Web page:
Stress in Dogs & Cats

Stress in Dogs & Cats

Stress is a commonly used word that describes feelings of strain or pressure. The causes of stress vary hugely from person to person: work, meeting new people, or disruption in daily routine are all possibilities. To reduce stress levels, people may alter their behaviour to find comfort. Perhaps seeking out a trusted friend, undertaking routine chores such as housecleaning, or sport and exercise can all make us feel better.

Our pets can become stressed, too; it has been found that our pets’ stress levels roughly mirror our own. Changes in the household, a new baby or pet, moving home, changes in routine, an aging brain- memory problems or dementia, chronic pain or separation from family are all possible causes or stress. Cats in particularly can be very sensitive to stressors.


Signs of Stress

How can we tell if they are stressed? The signs of anxiety in animals can be subtle and highly variable. It is important to know your pet’s normal demeanour, then you can more easily recognise any changes.

Whining or barking
Vocalization is normal canine and feline self-expression, but it may be intensified under duress. It can either be to gain your attention or to self-soothe.

Animals may seek out your attention more than normal when stressed, showing an increased dependency on you.

Changes in bodily functions
Stressed cats frequently urinate inappropriately around the house, this may be part of a wider syndrome termed feline lower urinary tract disease (FLUTD), for which stress is a major trigger. Nervous dogs can feel a sudden urge to pee or poop. When your dog urinates shortly after meetinga new canine friend, he may be marking territory and reacting to the strain simultaneously.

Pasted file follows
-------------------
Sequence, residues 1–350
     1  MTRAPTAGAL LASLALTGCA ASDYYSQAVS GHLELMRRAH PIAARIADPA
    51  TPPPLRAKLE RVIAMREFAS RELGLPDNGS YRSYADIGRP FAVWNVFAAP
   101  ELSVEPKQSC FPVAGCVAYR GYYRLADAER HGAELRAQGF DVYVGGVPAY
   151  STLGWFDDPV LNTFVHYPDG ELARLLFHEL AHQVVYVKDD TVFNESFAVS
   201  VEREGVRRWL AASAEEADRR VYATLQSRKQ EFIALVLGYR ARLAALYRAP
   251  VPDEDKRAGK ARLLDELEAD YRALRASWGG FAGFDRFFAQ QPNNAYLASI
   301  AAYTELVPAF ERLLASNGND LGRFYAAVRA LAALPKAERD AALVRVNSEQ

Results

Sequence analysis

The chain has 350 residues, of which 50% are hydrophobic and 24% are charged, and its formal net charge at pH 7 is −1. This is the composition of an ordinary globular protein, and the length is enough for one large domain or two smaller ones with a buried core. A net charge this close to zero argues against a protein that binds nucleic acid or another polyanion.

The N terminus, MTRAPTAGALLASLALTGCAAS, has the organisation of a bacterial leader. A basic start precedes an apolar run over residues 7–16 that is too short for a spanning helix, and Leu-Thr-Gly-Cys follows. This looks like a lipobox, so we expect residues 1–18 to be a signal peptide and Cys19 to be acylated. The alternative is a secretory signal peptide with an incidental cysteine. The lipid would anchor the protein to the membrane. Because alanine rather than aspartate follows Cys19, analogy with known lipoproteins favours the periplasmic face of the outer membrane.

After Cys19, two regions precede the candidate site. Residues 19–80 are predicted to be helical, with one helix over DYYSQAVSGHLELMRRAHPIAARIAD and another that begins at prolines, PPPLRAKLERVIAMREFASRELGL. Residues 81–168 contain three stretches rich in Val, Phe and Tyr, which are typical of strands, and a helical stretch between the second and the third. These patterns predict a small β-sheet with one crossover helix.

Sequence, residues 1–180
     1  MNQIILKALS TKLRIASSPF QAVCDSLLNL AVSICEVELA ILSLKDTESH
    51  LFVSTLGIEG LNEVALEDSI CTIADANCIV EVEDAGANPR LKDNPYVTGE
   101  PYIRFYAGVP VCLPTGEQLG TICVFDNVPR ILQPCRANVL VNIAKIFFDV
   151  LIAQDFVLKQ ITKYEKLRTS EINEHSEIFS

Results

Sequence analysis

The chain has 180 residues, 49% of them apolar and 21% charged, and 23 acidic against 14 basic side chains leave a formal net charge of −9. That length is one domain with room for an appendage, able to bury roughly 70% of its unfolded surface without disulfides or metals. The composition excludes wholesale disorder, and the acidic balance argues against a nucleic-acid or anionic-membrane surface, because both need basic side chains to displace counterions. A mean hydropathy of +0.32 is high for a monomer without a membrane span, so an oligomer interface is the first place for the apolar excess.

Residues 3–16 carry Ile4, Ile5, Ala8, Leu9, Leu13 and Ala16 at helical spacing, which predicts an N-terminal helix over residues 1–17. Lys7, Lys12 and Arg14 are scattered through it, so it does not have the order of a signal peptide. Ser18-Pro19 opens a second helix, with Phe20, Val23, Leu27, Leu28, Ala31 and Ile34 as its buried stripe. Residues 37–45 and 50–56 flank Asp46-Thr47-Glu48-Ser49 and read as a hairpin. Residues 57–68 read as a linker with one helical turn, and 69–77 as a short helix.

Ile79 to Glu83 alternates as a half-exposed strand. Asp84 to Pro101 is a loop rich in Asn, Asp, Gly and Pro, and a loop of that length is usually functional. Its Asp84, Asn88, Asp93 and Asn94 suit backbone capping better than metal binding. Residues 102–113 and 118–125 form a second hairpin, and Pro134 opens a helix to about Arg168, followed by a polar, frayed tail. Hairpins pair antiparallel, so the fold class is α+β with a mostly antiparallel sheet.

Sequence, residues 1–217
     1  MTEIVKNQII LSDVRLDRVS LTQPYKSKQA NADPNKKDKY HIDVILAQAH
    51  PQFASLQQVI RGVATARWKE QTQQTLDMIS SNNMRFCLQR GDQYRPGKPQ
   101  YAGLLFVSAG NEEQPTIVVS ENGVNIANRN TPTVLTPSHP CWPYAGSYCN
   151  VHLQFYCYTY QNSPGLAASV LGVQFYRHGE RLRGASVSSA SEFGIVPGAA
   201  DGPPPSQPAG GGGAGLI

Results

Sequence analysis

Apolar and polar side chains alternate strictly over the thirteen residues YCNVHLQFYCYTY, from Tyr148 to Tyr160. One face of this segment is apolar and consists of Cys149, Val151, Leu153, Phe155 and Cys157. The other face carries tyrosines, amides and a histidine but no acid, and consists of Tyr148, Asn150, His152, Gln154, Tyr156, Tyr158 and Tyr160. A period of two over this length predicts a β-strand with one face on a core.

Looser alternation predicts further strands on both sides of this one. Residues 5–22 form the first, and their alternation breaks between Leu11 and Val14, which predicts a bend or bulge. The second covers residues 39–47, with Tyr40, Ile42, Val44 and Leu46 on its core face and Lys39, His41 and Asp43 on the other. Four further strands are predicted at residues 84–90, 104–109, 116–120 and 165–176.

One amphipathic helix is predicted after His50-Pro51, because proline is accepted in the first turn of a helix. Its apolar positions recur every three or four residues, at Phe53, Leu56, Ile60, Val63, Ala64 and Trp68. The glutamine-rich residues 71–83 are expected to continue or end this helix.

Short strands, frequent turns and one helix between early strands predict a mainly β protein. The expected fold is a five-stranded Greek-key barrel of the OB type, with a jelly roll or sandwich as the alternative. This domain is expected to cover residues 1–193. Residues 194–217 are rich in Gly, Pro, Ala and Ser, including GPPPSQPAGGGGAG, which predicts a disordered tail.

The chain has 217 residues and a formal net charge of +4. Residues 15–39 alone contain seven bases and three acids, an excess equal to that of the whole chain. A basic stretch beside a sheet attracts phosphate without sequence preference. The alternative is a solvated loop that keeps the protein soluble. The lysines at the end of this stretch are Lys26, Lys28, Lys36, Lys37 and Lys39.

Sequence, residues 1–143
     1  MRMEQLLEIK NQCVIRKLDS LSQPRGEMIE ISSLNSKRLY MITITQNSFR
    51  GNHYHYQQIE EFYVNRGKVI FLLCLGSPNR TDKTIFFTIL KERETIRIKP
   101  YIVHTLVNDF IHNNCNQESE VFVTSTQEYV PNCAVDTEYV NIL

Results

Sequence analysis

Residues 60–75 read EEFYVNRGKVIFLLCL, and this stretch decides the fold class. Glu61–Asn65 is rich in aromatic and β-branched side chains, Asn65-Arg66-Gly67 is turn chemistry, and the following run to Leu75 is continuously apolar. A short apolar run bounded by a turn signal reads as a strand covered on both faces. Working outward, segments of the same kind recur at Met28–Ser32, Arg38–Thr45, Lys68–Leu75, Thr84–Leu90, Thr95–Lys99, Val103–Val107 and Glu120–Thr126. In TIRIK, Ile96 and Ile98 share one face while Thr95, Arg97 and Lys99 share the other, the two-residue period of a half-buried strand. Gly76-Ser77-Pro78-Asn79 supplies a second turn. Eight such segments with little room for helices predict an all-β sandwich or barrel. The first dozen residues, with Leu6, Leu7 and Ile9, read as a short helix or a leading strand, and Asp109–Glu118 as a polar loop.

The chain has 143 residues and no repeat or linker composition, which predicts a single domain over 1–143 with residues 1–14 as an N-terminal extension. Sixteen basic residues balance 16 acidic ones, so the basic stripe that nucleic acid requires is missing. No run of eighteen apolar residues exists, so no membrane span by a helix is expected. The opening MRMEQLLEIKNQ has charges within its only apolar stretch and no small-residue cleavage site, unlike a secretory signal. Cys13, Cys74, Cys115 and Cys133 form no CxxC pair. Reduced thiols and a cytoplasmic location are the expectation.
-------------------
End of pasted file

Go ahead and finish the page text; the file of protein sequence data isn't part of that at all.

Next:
Loss of appetite and weight are also indicators of chronic stress.

Avoidance or displacement behaviour
When faced with an unwelcome situation, dogs may “escape” by focusing on something else. They may sniff the ground, lick their genitals, or simply turn away. Ignoring someone may not be polite but it is better than aggression, so if your dog avoids interaction with other dogs or people, do not force the issue.

Hiding or escape behaviour
An extension of avoidance, some tense dogs literally move behind their owners to hide. They may even nudge their owners to prompt them to move along. Cats will simply hide as their way of avoidance.

Pacing or shaking
Dogs and cats, like people, also pace when agitated. They can often pace a repeated path or route.

Yawning, drooling and licking
Dogs yawn when they are tired or bored, but also when stressed. A stressful yawn is more prolonged and intense than a sleepy yawn. Dogs and cats may also drool and lick themselves excessively when nervous, which may result in saliva staining, hair loss, sore patches or lesions particularly in cats.

Dogs and cats can both pant when stressed. This is commonly seen in the veterinary clinic.

Changes in eyes and ears
Acutely stressed animals can have dilated pupils and blink rapidly. Dogs may open their eyes really wide and show more sclera (white) than usual, giving them a startled appearance. Ears that are usually relaxed or alert can be pinned or rotated back against their head.

Changes in body posture